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Found a Bird?

Here is what to do if you find a baby bird.Found a Bird, Eastern Bluebird

The best thing to do if you find a baby bird is to leave it alone. If the bird appears as though it has fallen from a nest, an attempt to locate the nest can be made, and the bird can be carefully returned. If the bird has feathers, it may be a fledged bird and a parent bird is probably close by. As long as the bird is in no danger from cats or other predators, it is best to watch the bird from a distance to see if a parent returns after an hour or so before determining that the bird needs human help.

Birds do not have a true sense of smell, so the myth that birds will reject a baby bird if touched by a human is not true. A baby bird that has been touched by a human, however, does make it easier for a predator (cat, raccoon, etc.) to find.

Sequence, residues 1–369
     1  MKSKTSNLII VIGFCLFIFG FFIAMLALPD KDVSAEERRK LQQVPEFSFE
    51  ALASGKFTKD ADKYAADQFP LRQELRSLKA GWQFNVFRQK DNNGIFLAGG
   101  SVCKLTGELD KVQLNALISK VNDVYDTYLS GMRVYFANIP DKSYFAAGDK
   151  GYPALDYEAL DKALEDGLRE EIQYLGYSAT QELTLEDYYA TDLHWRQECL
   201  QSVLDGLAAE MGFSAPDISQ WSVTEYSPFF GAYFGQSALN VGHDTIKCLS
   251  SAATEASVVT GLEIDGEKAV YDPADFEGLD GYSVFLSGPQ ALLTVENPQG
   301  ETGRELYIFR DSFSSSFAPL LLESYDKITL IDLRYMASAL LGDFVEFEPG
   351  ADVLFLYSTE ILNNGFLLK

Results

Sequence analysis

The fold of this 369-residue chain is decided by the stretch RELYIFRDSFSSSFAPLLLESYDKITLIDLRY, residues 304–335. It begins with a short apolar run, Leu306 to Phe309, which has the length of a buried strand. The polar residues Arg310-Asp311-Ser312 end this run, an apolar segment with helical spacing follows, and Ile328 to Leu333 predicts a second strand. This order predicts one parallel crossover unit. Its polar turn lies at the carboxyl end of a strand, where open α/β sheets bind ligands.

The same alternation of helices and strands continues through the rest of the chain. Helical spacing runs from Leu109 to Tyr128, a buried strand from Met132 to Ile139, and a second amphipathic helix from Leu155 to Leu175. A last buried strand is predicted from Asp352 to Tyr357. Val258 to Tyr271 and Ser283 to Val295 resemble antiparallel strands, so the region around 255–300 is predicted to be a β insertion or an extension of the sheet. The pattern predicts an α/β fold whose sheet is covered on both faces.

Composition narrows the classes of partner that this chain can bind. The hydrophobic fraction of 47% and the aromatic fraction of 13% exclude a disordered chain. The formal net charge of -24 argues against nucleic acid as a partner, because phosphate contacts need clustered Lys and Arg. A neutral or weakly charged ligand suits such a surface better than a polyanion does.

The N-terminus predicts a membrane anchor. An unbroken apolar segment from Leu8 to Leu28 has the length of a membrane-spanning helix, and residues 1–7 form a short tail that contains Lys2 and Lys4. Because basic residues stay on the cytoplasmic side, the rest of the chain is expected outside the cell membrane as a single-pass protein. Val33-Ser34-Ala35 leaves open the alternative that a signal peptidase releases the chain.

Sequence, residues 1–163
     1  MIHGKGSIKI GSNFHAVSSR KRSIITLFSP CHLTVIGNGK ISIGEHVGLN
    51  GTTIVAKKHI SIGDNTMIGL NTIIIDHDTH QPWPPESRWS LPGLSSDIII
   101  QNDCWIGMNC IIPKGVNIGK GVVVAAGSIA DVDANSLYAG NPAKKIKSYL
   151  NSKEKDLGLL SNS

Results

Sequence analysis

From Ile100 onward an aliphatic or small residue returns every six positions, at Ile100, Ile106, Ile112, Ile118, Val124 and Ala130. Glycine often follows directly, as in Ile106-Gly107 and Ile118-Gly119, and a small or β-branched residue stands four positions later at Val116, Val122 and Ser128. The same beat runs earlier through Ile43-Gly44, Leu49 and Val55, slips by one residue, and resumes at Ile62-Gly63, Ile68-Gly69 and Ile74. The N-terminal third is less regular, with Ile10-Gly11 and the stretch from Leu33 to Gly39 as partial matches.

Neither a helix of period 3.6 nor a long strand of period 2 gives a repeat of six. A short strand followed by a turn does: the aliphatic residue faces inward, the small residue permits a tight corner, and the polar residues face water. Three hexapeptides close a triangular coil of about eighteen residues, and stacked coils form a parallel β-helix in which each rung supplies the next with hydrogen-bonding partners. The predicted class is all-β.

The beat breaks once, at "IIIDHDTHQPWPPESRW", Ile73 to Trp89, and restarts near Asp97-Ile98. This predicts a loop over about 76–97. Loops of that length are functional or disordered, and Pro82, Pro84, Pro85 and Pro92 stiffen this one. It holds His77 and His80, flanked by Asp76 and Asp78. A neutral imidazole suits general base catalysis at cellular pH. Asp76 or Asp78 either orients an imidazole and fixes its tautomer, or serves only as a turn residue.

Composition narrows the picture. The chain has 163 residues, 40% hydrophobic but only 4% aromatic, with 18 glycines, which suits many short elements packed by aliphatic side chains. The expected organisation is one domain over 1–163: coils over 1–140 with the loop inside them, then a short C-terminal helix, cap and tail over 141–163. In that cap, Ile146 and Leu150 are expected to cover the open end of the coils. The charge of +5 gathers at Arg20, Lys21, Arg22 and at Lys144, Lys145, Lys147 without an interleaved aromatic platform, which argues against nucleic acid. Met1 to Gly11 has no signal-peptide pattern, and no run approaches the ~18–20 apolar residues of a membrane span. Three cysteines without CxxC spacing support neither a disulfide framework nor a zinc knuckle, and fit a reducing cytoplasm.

If a nest cannot be located or the bird is “rescued,” the first important step is to call a rehabilitator to care for the bird. Second, provide warmth to the baby bird. A hot water bottle or low heating pad or even hot water in a glass bottle will do.

How you can help an injured bird?

Taking care of injured birds and wildlife should be left to people who know how to do it best. Contact your local Wild Birds Unlimited store for help locating a rehabilitator near you. Find your store’s contact info by clicking here. Or try these other resources for finding a wildlife rehabilitator by US state or Canadian province: